This nucleus of Indian Moslem liberals rapidly grew in strength, producing able leaders like Moulvie Cheragh Ali and Syed Amir Ali, whose scholarly works in faultless English are known throughout the world. These men called themselves "Neo-Motazelites" and boldly advocated reforms such as a thorough overhauling of the sheriat and a general modernization of Islam. Their view-point is well set forth by another of their leading figures, S. Khuda Bukhsh. "Nothing was more distant from the Prophet's thought," he writes, "than to fetter the mind or to lay down fixed, immutable, unchanging laws for his followers. The Quran is a book of guidance to the faithful, and not an obstacle in the path, of their social, moral, legal, and intellectual progress." He laments Islam's present backwardness, for he continues: "Modern Islam, with its hierarchy of priesthood, gross fanaticism, appalling ignorance, and superstitious practices is, indeed, a discredit to the Islam of the Prophet Mohammed." He concludes with the following liberal confession of faith: "Is Islam hostile to progress? I will emphatically answer this question in the negative. Islam, stripped of its theology, is a perfectly simple religion. Its cardinal principle is belief in one God and belief in Mohammed as his apostle. The rest is mere accretion, superfluity."
Meanwhile, the liberals were making themselves felt in other parts of the Moslem world. In Turkey liberals actually headed the government during much of the generation between the Crimean War and the despotism of Abdul Hamid, and Turkish liberal ministers like Reshid Pasha and Midhat Pasha made earnest though unavailing efforts to liberalize and modernize the Ottoman Empire. Even the dreadful Hamidian tyranny could not kill Turkish liberalism. It went underground or into exile, and in 1908 put through the revolution which deposed the tyrant and brought the "Young Turks" to power. In Egypt liberalism took firm root, represented by men like Sheikh Mohammed Abdou, Rector of El Azhar University and respected friend of Lord Cromer. Even outlying fragments of Islam like the Russian Tartars awoke to the new spirit and produced liberal-minded, forward-looking men.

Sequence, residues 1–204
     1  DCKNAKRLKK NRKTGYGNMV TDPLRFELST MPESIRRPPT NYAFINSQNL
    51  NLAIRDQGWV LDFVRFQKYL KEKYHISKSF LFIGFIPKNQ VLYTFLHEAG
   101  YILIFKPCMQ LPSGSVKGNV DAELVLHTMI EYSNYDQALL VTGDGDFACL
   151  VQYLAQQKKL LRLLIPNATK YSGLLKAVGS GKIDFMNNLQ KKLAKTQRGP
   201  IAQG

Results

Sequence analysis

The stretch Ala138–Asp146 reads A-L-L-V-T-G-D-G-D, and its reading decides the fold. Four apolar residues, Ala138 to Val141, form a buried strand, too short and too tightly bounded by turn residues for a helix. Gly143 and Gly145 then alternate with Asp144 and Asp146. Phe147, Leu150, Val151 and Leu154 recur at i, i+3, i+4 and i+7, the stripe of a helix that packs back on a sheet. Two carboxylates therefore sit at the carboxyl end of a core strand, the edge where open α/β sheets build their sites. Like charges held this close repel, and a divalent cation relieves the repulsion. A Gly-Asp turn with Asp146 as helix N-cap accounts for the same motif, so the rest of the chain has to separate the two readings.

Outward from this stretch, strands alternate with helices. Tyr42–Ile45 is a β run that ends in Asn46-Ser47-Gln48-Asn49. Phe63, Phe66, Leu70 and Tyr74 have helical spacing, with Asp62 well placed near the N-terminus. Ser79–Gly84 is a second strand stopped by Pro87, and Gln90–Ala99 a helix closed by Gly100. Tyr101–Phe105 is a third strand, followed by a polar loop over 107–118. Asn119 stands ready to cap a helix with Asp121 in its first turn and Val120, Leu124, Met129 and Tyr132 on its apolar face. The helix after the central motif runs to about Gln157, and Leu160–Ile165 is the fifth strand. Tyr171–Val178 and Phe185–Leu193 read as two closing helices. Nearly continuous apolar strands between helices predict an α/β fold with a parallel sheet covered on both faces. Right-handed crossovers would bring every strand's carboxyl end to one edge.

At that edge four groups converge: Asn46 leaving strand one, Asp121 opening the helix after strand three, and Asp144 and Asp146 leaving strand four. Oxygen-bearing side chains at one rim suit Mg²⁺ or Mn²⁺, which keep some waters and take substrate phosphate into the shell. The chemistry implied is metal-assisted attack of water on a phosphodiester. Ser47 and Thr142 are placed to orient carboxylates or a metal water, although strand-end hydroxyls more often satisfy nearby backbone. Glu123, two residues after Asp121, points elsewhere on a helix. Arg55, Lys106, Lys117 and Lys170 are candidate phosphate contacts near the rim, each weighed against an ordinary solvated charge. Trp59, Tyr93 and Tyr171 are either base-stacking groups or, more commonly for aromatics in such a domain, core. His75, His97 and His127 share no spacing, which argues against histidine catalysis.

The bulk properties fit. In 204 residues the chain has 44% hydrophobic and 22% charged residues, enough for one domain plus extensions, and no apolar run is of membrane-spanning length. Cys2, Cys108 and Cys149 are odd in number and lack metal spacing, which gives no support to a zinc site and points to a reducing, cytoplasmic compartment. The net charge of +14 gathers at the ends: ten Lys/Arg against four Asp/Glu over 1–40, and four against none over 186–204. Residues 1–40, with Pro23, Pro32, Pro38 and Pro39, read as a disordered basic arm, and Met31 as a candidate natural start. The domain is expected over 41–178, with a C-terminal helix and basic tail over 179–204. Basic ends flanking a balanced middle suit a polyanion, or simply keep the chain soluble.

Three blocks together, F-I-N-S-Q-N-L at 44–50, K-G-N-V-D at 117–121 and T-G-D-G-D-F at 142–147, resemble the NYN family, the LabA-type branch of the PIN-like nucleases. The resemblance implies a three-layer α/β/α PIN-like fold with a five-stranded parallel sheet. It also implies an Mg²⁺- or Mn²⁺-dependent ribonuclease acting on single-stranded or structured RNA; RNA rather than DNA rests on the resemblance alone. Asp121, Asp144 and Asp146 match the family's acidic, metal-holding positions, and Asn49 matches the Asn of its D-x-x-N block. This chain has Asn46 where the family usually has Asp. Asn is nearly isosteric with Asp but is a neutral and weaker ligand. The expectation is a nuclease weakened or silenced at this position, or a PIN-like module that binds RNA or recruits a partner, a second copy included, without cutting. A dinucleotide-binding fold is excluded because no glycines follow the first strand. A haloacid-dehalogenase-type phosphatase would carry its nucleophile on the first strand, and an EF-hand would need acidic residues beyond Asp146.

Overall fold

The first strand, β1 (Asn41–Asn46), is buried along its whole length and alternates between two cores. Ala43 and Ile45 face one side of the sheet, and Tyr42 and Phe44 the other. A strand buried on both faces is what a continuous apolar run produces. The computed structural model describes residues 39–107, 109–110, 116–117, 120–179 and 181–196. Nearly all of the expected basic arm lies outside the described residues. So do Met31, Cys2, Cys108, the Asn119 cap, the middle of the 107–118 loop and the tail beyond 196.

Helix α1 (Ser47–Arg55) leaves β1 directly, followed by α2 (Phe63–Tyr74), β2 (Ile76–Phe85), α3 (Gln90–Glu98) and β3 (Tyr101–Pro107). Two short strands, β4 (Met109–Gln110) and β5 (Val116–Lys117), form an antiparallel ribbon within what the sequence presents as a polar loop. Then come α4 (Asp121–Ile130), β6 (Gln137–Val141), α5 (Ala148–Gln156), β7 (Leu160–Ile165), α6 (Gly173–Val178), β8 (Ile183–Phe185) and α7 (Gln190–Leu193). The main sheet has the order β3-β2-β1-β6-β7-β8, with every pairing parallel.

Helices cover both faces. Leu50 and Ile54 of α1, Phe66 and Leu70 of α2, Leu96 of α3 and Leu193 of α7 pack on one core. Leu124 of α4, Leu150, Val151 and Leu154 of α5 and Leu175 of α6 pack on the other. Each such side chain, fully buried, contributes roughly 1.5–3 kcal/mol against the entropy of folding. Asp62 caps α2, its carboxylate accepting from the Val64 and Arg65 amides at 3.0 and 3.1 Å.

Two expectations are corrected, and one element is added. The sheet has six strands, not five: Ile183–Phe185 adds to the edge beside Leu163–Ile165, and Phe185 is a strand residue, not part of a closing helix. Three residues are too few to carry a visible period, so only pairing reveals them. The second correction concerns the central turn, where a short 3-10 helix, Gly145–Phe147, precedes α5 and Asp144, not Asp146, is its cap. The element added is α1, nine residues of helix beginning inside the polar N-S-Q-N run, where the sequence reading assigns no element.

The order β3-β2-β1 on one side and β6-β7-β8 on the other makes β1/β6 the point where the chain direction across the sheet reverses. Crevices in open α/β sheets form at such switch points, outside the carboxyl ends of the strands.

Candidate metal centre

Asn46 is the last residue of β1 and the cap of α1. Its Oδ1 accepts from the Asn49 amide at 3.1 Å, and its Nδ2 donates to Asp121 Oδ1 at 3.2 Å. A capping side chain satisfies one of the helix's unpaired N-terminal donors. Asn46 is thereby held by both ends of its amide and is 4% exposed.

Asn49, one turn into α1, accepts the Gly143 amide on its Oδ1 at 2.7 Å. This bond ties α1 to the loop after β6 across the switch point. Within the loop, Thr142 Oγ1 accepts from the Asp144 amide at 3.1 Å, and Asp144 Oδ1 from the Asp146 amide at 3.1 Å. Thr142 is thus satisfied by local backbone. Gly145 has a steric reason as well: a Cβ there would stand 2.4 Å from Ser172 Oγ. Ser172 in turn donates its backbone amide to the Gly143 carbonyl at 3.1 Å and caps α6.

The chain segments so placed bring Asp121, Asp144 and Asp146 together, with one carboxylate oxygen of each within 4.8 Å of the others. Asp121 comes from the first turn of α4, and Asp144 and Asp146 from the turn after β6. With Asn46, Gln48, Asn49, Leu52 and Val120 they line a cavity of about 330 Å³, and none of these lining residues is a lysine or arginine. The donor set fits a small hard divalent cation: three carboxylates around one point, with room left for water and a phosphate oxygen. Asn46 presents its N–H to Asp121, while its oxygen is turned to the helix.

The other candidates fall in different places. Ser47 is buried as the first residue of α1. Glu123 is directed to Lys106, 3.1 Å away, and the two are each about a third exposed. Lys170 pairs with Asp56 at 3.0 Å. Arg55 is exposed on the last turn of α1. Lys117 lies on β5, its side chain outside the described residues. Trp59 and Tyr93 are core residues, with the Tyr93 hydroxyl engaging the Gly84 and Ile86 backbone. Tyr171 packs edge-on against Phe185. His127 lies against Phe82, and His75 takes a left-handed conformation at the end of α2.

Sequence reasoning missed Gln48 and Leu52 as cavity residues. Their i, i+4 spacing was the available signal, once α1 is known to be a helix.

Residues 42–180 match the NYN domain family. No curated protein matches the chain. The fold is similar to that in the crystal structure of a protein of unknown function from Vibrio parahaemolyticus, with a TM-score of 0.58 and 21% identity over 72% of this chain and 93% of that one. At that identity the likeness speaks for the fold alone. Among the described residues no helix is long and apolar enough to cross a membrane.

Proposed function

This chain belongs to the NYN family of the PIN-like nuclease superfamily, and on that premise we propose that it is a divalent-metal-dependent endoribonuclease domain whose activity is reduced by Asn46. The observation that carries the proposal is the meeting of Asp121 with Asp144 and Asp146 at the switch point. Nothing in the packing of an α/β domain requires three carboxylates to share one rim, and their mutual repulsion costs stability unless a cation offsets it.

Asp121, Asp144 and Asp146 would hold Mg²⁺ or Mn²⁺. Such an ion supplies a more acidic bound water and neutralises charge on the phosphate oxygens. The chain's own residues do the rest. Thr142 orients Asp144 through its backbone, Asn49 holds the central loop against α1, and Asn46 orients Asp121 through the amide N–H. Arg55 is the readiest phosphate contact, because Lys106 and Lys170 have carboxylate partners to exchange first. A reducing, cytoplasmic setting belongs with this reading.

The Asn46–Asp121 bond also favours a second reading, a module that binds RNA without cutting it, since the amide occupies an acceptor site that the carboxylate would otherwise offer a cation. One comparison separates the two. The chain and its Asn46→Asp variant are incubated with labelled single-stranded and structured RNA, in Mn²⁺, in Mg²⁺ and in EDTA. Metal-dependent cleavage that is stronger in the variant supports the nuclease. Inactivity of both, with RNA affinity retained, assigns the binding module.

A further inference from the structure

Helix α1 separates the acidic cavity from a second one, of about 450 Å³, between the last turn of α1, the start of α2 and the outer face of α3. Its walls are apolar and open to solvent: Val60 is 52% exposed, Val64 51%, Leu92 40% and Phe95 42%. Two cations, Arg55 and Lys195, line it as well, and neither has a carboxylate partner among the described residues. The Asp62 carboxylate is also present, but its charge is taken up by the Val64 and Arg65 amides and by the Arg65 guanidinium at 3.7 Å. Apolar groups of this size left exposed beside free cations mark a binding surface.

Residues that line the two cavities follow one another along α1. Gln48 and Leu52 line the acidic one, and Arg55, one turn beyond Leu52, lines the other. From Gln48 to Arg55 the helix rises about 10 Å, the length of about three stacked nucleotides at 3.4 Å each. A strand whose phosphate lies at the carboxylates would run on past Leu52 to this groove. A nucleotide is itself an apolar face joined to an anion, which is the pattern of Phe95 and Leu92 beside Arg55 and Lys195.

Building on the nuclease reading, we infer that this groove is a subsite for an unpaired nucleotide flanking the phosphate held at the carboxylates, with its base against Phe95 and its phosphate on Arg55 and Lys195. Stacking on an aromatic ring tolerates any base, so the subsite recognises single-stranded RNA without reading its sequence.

The liberal reformers, whom I have been describing, of course form the part of evolutionary progress in Islam. They are in the best sense of the word conservatives, receptive to healthy change, yet maintaining their hereditary poise. Sincerely religious men, they have faith in Islam as a living, moral force, and from it they continue to draw their spiritual sustenance.
There are, however, other groups in the Moslem world who have so far succumbed to Western influences that they have more or less lost touch with both their spiritual and cultural pasts. In all the more civilized portions of the Moslem world, especially in countries long under European control like India, Egypt, and Algeria, there are many Moslems, Western educated and Western culture-veneered, who have drifted into an attitude varying from easygoing religious indifference to avowed agnosticism. From their minds the old Moslem zeal has entirely departed. The Algerian Ismael Hamet well describes the attitude of this class of his fellow-countrymen when he writes: "European scepticism is not without influence upon the Algerian Moslems, who, if they have kept some attachment for the external forms of their religion, usually ignore the unhealthy excesses of the religious sentiment. They do not give up their religion, but they no longer dream of converting all those who do not practise it; they want to hand it on to their children, but they do not worry about other men's salvation. This is not belief; it is not even free thought; but it is lukewarmness."
Beyond these tepid latitudinarians are still other groups of a very different character. Here we find combined the most contradictory sentiments: young men whose brains are seething with radical Western ideas—atheism, socialism, Bolshevism, and what not. Yet, curiously enough, these fanatic radicals tend to join hands with the fanatic reactionaries of Islam in a common hatred of the West. Considering themselves the born leaders (and exploiters) of the ignorant masses, the radicals hunger for political power and rage against that Western domination which vetoes their ambitious pretensions. Hence, they are mostly extreme "Nationalists," while they are also deep in Pan-Islamic reactionary schemes. Indeed, we often witness the strange spectacle of atheists posing as Moslem fanatics and affecting a truly dervish zeal. Mr. Bukhsh well describes this type when he writes: "I know a gentleman, a Mohammedan by profession, who owes his success in life to his faith. Though, outwardly, he conforms to all the precepts of Islam and occasionally stands up in public as the champion and spokesman of his co-religionists; yet, to my utter horror, I found that he held opinions about his religion and its founder which even Voltaire would have rejected with indignation and Gibbon with commiserating contempt."